We have performed a particle-resolved direct numerical simulation of a turbulent channel flow past a moving dilute array of spherical particles. The flow shares important features with dilute vertical gas solid flow at high Stokes number, such as significant attenuation of the turbulence kinetic energy (TKE) at low particle volume fraction. The flow has been simulated by means of an overset grid method, using spherical grids around each particle overset on a background non-uniform Cartesian grid. The main focus of the present paper is on the TKE budget, which is analysed both in the fixed channel frame of reference and in the moving particle frame of reference. The overall (domain-integrated) TKE and turbulence production due to mean shear are reduced compared to unladen flow. In the fixed frame, the interfacial term, which represents production due to relative (slip) velocity, accounts for approximately 40 % of the total turbulence production in the channel. As a consequence, the total turbulence production and the overall turbulence dissipation rate remain approximately the same as in the unladen flow. However, a comparison with laminar flow past the same particle configuration reveals that significant parts of various fixed-frame statistics are due to non-turbulent structures, spatial variations that are steady in the moving particle frame. In order to obtain a clearer picture of the modification of the true turbulence and in order to reveal the rich three-dimensional (3-D) statistical structure of turbulence interacting with particles, time averaging in the moving frame of reference of the particle is used to extract the fluctuations entirely due to true turbulence. In the moving frame, the turbulence production is positive near the sides and in the wake, but negative in a region near the front of the particle. The turbulence dissipation rate and even more the dissipation rate of the 3-D mean flow attain very large values on a large part of the particle surface, up to approximately 400 and 4000 times the local turbulence dissipation rate of the unladen flow, respectively. Very close to the particle, viscous diffusion is the dominant transport term, but somewhat further away, in particular near the front and sides of the particle, pressure diffusion and also convection provide large and positive transport contributions to the moving-frame budget. A radial analysis shows that the regions around the particles draw energy from the regions further away via the surprising dominance of the pressure diffusion flux over a large range of radii. Spectra show that (very) far away from the particles all scales of the (true) turbulence are reduced. Near the particles enhancement of small scale turbulence is observed, for the streamwise component of the velocity fluctuation more than for the other components. The most important reason for turbulence reduction and anisotropy increase appears to be particle-induced non-uniformity of the mean driving force of the flow.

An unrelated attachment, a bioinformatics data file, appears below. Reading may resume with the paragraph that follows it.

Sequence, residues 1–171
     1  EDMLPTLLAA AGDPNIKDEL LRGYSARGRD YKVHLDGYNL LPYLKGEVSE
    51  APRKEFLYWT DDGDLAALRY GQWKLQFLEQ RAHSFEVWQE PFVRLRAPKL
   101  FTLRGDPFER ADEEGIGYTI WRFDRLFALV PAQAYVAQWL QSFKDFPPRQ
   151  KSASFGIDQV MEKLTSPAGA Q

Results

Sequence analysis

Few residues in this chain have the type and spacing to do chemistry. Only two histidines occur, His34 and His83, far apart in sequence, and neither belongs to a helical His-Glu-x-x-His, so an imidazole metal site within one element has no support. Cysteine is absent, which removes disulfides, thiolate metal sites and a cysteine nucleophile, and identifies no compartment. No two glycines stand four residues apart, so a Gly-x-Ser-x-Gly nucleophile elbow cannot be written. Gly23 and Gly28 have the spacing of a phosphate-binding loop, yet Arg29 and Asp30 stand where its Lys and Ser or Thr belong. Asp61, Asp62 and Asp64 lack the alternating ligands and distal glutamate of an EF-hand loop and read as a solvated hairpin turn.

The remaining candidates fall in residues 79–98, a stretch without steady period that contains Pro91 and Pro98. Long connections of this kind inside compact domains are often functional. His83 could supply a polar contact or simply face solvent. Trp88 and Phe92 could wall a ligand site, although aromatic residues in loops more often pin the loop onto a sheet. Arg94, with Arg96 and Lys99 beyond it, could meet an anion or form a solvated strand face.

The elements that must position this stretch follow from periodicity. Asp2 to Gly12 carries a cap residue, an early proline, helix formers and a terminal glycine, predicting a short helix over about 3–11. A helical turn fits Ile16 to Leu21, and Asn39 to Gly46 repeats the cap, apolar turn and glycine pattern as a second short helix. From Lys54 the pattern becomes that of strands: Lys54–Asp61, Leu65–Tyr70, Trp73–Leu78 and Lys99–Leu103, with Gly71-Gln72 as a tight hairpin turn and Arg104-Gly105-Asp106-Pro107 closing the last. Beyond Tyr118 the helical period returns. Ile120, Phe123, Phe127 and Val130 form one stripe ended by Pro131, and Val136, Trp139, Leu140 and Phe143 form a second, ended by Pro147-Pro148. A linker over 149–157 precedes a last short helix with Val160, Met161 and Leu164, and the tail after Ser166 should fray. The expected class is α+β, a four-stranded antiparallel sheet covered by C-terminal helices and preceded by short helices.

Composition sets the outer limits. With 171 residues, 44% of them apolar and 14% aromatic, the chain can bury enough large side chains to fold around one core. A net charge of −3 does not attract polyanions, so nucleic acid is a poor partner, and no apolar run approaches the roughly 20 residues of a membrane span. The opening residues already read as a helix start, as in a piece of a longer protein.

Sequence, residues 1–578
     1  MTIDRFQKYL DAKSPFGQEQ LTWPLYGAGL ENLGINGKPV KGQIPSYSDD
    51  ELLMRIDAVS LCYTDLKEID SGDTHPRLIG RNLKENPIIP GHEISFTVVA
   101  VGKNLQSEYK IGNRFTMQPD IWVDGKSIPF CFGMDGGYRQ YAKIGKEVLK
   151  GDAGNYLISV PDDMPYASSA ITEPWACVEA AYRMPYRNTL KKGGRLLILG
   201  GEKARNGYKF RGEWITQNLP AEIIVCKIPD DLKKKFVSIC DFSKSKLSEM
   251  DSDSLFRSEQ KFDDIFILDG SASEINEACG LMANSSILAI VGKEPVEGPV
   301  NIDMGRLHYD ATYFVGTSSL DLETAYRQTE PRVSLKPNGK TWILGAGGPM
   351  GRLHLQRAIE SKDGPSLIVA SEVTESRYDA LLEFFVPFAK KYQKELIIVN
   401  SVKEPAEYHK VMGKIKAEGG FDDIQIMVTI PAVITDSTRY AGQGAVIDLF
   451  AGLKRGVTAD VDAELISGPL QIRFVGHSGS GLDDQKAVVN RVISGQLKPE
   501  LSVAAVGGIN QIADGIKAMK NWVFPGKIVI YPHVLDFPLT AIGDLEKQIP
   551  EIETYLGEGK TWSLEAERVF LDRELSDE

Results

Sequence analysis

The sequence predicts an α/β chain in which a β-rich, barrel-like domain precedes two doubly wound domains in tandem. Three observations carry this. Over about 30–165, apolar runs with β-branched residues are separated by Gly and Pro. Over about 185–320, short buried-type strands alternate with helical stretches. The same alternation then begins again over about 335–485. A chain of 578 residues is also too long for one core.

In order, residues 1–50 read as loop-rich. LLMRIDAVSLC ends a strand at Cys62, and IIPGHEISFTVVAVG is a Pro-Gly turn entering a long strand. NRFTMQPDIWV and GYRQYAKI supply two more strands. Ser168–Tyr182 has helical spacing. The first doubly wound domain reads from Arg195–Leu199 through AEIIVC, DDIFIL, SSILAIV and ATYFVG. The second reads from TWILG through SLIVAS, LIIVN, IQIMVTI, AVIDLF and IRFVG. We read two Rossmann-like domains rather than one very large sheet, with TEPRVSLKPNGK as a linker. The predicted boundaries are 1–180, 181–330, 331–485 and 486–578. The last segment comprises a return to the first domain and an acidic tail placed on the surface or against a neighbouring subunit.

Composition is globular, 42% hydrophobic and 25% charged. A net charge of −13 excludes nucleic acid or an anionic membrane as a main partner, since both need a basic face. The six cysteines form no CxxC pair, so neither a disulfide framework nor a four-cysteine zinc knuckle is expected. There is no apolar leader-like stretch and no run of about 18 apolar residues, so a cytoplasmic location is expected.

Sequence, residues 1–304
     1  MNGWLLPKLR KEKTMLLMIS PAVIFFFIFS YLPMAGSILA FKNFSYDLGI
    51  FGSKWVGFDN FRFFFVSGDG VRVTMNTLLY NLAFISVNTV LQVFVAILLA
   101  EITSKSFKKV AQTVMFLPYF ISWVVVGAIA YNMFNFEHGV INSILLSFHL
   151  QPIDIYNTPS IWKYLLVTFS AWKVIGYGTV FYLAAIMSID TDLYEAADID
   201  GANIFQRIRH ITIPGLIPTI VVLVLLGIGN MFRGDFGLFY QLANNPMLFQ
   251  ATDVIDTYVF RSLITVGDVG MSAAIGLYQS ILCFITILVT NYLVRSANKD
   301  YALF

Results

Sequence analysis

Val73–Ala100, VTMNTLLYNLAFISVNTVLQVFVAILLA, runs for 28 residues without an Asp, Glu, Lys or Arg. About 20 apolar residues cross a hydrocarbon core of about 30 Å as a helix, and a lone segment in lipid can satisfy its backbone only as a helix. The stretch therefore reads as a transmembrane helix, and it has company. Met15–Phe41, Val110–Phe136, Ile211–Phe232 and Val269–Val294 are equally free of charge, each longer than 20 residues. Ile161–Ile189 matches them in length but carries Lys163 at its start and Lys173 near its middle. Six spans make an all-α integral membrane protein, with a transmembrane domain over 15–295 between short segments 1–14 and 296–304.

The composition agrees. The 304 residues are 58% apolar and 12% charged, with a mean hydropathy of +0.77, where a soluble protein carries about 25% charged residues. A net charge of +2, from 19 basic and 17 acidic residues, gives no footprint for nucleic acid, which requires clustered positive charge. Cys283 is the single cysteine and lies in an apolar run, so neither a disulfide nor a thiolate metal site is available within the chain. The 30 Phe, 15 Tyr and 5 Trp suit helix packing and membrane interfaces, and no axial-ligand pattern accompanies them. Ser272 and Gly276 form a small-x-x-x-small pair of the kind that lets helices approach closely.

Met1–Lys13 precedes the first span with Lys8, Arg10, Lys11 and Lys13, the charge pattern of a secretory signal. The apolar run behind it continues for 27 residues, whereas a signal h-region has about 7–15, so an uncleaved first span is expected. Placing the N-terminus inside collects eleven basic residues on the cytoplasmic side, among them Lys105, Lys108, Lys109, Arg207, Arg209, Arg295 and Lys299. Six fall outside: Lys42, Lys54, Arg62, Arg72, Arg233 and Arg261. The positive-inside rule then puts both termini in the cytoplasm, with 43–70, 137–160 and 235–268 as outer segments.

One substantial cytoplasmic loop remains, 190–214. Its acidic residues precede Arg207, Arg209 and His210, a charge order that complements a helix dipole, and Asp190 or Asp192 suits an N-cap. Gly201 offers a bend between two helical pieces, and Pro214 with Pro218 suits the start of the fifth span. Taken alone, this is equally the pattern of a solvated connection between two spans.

We present wall-resolved large-eddy simulation (LES) of flow with free-stream velocity $\boldsymbol{U}_{\infty }$ over a cylinder of diameter $D$ rotating at constant angular velocity $\unicode[STIX]{x1D6FA}$ , with the focus on the lift crisis, which takes place at relatively high Reynolds number $Re_{D}=U_{\infty }D/\unicode[STIX]{x1D708}$ , where $\unicode[STIX]{x1D708}$ is the kinematic viscosity of the fluid. Two sets of LES are performed within the ( $Re_{D}$ , $\unicode[STIX]{x1D6FC}$ )-plane with $\unicode[STIX]{x1D6FC}=\unicode[STIX]{x1D6FA}D/(2U_{\infty })$ the dimensionless cylinder rotation speed. One set, at $Re_{D}=5000$ , is used as a reference flow and does not exhibit a lift crisis. Our main LES varies $\unicode[STIX]{x1D6FC}$ in $0\leqslant \unicode[STIX]{x1D6FC}\leqslant 2.0$ at fixed $Re_{D}=6\times 10^{4}$ . For $\unicode[STIX]{x1D6FC}$ in the range $\unicode[STIX]{x1D6FC}=0.48{-}0.6$ we find a lift crisis. This range is in agreement with experiment although the LES shows a deeper local minimum in the lift coefficient than the measured value. Diagnostics that include instantaneous surface portraits of the surface skin-friction vector field $\boldsymbol{C}_{\boldsymbol{f}}$ , spanwise-averaged flow-streamline plots, and a statistical analysis of local, near-surface flow reversal show that, on the leeward-bottom cylinder surface, the flow experiences large-scale reorganization as $\unicode[STIX]{x1D6FC}$ increases through the lift crisis. At $\unicode[STIX]{x1D6FC}=0.48$ the primary-flow features comprise a shear layer separating from that side of the cylinder that moves with the free stream and a pattern of oscillatory but largely attached flow zones surrounded by scattered patches of local flow separation/reattachment on the lee and underside of the cylinder surface. Large-scale, unsteady vortex shedding is observed. At $\unicode[STIX]{x1D6FC}=0.6$ the flow has transitioned to a more ordered state where the small-scale separation/reattachment cells concentrate into a relatively narrow zone with largely attached flow elsewhere. This induces a low-pressure region which produces a sudden decrease in lift and hence the lift crisis. Through this process, the boundary layer does not show classical turbulence behaviour. As $\unicode[STIX]{x1D6FC}$ is further increased at constant $Re_{D}$ , the localized separation zone dissipates with corresponding attached flow on most of the cylinder surface. The lift coefficient then resumes its increasing trend. A logarithmic region is found within the boundary layer at $\unicode[STIX]{x1D6FC}=1.0$ .